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(2-Disc Collector’s Edition)

In the hands of screenwriter/director Paul Thomas Anderson, Upton Sinclair’s novel Oil! has been adapted and transformed into THERE WILL BE BLOOD ($35)- an intensely unflinching fictional biopic in the vein of CITIZEN KANE. Sure, Anderson’s cinematic approach is totally different from that of Orson Welles, but THERE WILL BE BLOOD is another mesmerizing film that will also stand the test of time. Also to the film’s credit, Daniel Day-Lewis took home a much-deserved Academy Award for his portrayal of oil baron Daniel Plainview, a cold-hearted man who is virtually devoid of redeeming qualities. In typical fashion, Day-Lewis immerses himself in his character and brings to life a highly flawed individual that is almost totally lacking in basic humanity. In Daniel Plainview’s mindset, the universe revolves around him and he is not above lying, cheating, intimidating, humiliating and murdering to get everything he wants and feels he deserves. Daniel Plainview is not a pleasant man, nor a pleasant character, yet Day-Lewis keeps the audience riveted to their chairs for the film’s two and a half hour run time.

THERE WILL BE BLOOD covers a near thirty-year period in the life of Daniel Plainview, beginning just before the turn of the twentieth century, and ending around the time of the stock market crash. As the film opens, we encounter Plainview in his humble origins as a miner, who happens upon the oil business, seemingly by chance. When fate hands Plainview a son, the child becomes another trick of his trade; allowing the slippery up and coming oil man to present himself as a family man to those whose oil rich land he hopes to acquire. The quest for land to plunder for its black gold eventually brings Plainview to an isolated an overlooked little place called Little Boston, where he encounters minister/faith healer Eli Sunday (Paul Dano), who sees the oil being pumped out of his community, as a means of fulfilling his own ambitions. Dano’s performance as Sunday carries the most weight in comparison Day-Lewis, especially during their run ins, which provides the film with some of its biggest dramatic fireworks. The cast of THERE WILL BE BLOOD also features Kevin J. O'Connor, Ciarán Hinds, Dillon Freasier, Paul F. Tompkins, Sydney McCallister and David Willis.

Paramount Home Entertainment has made THERE WILL BE BLOOD available on DVD in a fairly terrific looking 2.35:1 wide screen presentation that has been enhanced for playback on 16:9 displays. THERE WILL BE BLOOD took home an Oscar for its stark cinematography that has been well represented in this standard definition presentation. The levels of sharpness and image detail are very good, especially in close ups and medium shots. Long shots are harder to resolve in standard definition and I am expecting the eventual Blu-ray release of THERE WILL BE BLOOD to alleviate my concerns about the slight softness inherent in these long shots. Colors have a fairly natural level of saturation during daylight photography; interiors can be a bit richer. Blacks, whites and contrast are all great and just what one should expect from a SD DVD title. The film elements appear pristine. Grain is never excessive. Digital compression artifacts are slightly more noticeable than I would have liked, but not particularly bothersome.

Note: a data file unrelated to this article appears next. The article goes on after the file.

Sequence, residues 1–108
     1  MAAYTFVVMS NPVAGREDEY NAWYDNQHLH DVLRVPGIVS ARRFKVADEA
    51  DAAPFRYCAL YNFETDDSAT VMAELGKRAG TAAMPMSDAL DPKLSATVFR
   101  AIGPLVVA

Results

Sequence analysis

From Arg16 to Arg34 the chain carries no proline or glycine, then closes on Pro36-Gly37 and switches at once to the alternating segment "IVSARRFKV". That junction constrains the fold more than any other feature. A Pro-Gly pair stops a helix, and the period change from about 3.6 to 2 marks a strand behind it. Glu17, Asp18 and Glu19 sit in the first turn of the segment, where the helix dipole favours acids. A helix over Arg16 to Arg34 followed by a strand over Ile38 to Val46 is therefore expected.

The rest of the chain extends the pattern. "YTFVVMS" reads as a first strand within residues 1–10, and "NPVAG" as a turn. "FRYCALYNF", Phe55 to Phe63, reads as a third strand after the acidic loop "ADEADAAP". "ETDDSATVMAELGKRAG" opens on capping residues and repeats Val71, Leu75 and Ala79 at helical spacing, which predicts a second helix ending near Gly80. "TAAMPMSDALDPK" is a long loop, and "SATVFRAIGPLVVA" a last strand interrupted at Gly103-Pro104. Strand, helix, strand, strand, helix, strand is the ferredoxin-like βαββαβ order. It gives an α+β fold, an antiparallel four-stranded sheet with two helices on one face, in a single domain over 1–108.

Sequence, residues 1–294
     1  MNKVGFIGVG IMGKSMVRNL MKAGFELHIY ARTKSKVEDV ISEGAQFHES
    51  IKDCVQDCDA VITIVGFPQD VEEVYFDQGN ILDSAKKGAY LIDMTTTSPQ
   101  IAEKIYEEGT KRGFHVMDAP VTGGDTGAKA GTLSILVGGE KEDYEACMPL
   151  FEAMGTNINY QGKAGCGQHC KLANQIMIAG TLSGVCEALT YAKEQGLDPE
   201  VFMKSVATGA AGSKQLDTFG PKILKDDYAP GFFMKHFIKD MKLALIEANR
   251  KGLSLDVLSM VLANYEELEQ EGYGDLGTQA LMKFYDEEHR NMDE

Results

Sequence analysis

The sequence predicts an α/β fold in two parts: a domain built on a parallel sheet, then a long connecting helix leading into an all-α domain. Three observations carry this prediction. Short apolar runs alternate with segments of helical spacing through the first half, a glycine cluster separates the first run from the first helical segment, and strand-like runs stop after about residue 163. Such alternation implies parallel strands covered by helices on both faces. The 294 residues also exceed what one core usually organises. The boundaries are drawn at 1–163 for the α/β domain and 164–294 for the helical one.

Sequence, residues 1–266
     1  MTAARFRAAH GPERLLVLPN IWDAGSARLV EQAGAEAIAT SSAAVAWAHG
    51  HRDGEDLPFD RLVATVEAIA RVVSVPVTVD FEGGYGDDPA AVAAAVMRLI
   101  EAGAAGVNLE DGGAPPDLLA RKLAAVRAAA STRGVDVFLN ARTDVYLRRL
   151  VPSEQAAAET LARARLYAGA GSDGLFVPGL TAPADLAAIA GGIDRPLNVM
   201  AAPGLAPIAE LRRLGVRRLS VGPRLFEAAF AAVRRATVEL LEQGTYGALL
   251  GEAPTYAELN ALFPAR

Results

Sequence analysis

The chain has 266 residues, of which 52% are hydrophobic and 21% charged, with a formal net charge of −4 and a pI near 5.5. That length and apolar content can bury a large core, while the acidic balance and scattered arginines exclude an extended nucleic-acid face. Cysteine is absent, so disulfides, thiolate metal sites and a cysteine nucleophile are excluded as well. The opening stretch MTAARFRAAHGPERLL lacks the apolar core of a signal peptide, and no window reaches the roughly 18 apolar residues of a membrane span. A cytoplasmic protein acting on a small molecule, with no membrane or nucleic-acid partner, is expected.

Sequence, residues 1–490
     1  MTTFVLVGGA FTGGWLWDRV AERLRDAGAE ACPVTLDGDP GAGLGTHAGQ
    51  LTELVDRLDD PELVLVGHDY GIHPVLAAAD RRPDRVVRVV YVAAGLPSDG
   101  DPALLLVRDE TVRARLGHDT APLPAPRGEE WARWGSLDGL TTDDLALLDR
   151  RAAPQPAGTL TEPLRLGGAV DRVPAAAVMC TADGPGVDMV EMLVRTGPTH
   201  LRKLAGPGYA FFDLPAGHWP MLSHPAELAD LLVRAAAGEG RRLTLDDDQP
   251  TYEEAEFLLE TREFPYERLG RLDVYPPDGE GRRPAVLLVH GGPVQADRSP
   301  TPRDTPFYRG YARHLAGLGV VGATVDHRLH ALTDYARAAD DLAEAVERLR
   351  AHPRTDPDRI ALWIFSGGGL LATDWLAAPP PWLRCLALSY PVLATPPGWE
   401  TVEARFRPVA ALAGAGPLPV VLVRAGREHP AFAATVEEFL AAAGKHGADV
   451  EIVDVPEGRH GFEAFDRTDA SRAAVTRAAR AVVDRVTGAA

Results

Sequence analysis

THERE WILL BE BLOOD comes with a very good quality Dolby Digital 5.1 channel soundtrack. For the majority of its running time, THERE WILL BE BLOOD is a talky drama, so the sound design isn't particularly aggressive. However, sound effects are exceedingly well deployed during key moments, i.e. any time there is an oil strike. Fidelity is fairly strong; with the music having an excellent sense of presence, plus the sound effects proves to be completely natural and totally convincing. There is a surprisingly deep bottom end, which adds some ground shaking to appropriate moments. Voices are warmly recorded, plus the dialogue is always completely understandable. French and Spanish 5.1 channel tracks are also encoded onto the disc, as are English, French and Spanish subtitles.

The basic interactive menus allow one access to the standard scene selection and set up features, as well as the supplemental content that has been relegated to the second disc of the set. There Will Be Blood: Pics, Research, Etc. is a fifteen-minute montage of materials utilized to recreate the era in which the story takes place. Two Deleted Scenes are also provided, as is an Outtake and two Theatrical Trailers. The final supplemental feature is The Story Of Petroleum, a vintage 1923 silent film that looks at the industry depicted in the film.

THERE WILL BE BLOOD is a great film with great performances. The DVD looks and sounds very, very good, although the eventual Blu-ray release will reveal even more of the beauty of the Oscar winning cinematography. Highly recommended.



There Will Be Blood (Two-Disc Special Collector's Edition)



DVD reviews are Copyright © 2008 THE CINEMA LASER and may not be copied or reprinted without the written consent of the publisher.
THE CINEMA LASER is written, edited and published by Derek M. Germano.



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